CoC: Things you learn from a tie

If you have been keeping up with our clan war update posts, (and who wouldn’t be following the statistical breakdown for a game they may not be playing or a clan they aren’t in!), you noticed that our last war resulted in a tie, a first for our clan. The tie highlights a few pretty critical design highlights about the game, and also serves as amazing motivation for everyone to progress and also improve.

I think the most important design highlight is that unlike many team-based games, in CoC success isn’t based on the weakness of our lowest player, but instead on the cumulative strength of our whole clan.

A weak player in CoC might not earn a single star, and give up 3 on the first attack against their base. That’s not good, but it doesn’t “wipe the raid” to compare things to another popular team-based activity. In the war we tied, all based outside the top 15 were 3-starred, so one weak player isn’t a huge issue. Now, they do matter, because a tougher base might have required more than one attack, which in turn means fewer attempts at other bases. Just like had they scored a solid attack, it would have freed up someone else to hit a different base. But the important thing is that at the end of the war, you can’t look at any one weaker player and really say “we lost because of person X”, like you can should someone wander into the whelp pit or fail to run away from the raid while being the bomb.

On the other hand, there were a lot of opportunities for hero plays. As the war was winding down, each attack was a nail-bitter in terms of the attacker being able to pull things off. A lot of times its someone hitting a really tough base, so failing is the expected result, and success is an awesome surprise. The same applies to base design; not giving up three stars against an attack that perhaps should 3-star you is an awesome feeling, while failing to do so might inspire some base design tweaks or a total overhaul.

The tie also highlights the depth of the game. In a blowout war (our current for example, where we knew we were going to win after the first dozen or so attacks), if you fail to 3-star someone you should, or your base isn’t as great as it could be, you might not notice because we won anyway. There isn’t that pressure, that motivation to improve. The same applies in a blowout loss; bases being crushed by overwhelming force isn’t teaching you much, nor is throwing troops into a meatgrinder of a base.

A close war shows that depth, and CoC has depth in spades. I think just from this war we had a lot of people notice the little details of really pulling off a great dragon attack vs just a decent one, or the difference between using three lighting vs heal/rage depending on the base layout. Our top-end guys saw the importance of securing down at least two stars, and how critical that might be. On the lower end I hope people were motivated to progress to at least these levels, where the game really opens up (though I would argue a TH6 attacking a good TH6 base is very interesting in terms of tactics and strategy).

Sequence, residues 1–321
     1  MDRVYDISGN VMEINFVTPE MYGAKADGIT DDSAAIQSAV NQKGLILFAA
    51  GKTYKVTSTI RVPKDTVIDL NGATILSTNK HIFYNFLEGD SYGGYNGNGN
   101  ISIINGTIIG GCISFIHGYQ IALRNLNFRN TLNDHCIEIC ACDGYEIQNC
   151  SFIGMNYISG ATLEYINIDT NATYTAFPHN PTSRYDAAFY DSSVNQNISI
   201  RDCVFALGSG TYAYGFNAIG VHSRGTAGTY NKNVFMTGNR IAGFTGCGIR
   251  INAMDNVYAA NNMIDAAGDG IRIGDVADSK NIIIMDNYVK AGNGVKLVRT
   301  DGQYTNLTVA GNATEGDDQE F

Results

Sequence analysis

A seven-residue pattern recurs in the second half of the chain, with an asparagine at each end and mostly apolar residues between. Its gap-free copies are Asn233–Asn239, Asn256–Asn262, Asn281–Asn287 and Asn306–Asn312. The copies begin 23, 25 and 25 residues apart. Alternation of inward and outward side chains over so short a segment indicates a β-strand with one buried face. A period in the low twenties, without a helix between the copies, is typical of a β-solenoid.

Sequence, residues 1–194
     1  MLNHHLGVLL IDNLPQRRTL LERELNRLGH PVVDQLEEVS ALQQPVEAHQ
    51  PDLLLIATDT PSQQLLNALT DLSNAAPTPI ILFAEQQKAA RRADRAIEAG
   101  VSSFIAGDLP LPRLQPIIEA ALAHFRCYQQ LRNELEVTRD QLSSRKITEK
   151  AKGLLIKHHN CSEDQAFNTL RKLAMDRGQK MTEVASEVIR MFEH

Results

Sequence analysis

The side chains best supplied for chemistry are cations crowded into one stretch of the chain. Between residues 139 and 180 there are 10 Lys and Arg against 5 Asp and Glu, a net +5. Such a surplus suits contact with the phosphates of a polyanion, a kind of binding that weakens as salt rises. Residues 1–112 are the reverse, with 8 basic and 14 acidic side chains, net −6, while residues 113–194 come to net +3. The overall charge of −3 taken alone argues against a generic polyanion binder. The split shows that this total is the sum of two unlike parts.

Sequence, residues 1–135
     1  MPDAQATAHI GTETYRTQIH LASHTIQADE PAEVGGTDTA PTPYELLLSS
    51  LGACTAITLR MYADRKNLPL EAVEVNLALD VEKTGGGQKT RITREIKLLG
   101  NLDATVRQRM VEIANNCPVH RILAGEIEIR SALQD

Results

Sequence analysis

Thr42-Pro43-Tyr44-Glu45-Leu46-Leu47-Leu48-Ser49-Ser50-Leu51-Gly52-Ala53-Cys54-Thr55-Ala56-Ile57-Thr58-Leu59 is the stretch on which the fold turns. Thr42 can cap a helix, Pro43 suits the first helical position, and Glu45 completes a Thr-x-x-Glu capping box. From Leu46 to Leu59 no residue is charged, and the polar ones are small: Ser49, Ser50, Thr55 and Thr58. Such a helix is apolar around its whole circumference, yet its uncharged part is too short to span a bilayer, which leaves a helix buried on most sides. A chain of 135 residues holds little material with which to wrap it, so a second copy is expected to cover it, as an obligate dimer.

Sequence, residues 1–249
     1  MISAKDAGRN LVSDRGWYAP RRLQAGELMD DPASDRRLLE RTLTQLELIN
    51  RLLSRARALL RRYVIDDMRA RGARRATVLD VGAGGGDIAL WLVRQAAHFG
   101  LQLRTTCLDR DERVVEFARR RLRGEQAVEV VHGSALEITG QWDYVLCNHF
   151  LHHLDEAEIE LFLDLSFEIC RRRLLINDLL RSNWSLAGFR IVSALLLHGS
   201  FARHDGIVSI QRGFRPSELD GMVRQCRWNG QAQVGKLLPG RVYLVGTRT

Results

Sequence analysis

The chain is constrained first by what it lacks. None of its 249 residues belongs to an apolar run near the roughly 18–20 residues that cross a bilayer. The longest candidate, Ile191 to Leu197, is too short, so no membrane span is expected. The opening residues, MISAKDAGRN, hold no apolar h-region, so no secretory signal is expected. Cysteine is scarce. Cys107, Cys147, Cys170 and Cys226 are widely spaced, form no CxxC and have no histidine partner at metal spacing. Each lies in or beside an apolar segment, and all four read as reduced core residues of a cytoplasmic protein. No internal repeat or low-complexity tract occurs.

What I’m most excited about is when our clan overall ‘grows up’ and wars focus more on TH9+ bases, as things then switch from trying to 3-star bases to pulling off 2-star attacks, and tactics expand from “probably dragons” to include golems, pekkas, hogs, loons, witches, etc, and army composition starts to really matter vs “all dragons, go!” Just watching some war review videos from clans made up mostly of TH9 and TH10 bases has me very excited for our future.


About SynCaine

Former hardcore raider turned casual gamer.
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6 Responses to CoC: Things you learn from a tie

  1. Jonneh says:

    I look forward to that as well. I am still enjoying my dragon raids as I tend to spend some time looking for best directions to attack, how to funnel and what CC to use. I don’t just dump them and hope for the best. There is a big margin for error though.

    Unfortunately I think it is still a couple of months away for me. Things are really starting to cost a lot and I have just reached the point of not being able to constantly have all builders and research going.

    I am happy to see the upcoming changes with wall upgrades from elixir being pushed back to level 9. I know a lot don’t like it, but I miss having plenty of elixir so I didn’t have to barch constantly as well as be able to donate more than the token 5 archers which we pretty much all do now. Also them dragon raids are really costly (over 400k including spells).

    While it will slow down progression I think it will let a fun aspect of the game return again.

    • SynCaine says:

      Yea a dragon attack vs a good TH8 in a war puts you at about break even for elixir if we win, plus the gold and DE reward. Barching either abandoned or terrible bases seems to be the best way to get lots of elixir, though as you said with the wall upgrade change, things will improve on that end.

      You are dead-on with the dragon strat stuff; at TH7 it was just dump and watch, but at the upper levels of TH8, placement is critical and when not done well, results in 1-2 stars instead of 3.

  2. Ellroy says:

    Just to let you know: I cannot participate in the war because unfortunately our internet connection has been down since saturday. Hopefully it will be fixed by a service provider’s technician tomorrow…

  3. Delpez says:

    The clan we drew against (sixlines) have a website where they post highlights of their wars. Unfortunately it’s in Portuguese, so I don’t understand heads or tails of it, but they have video clip featuring some of the war attacks against us. Address is

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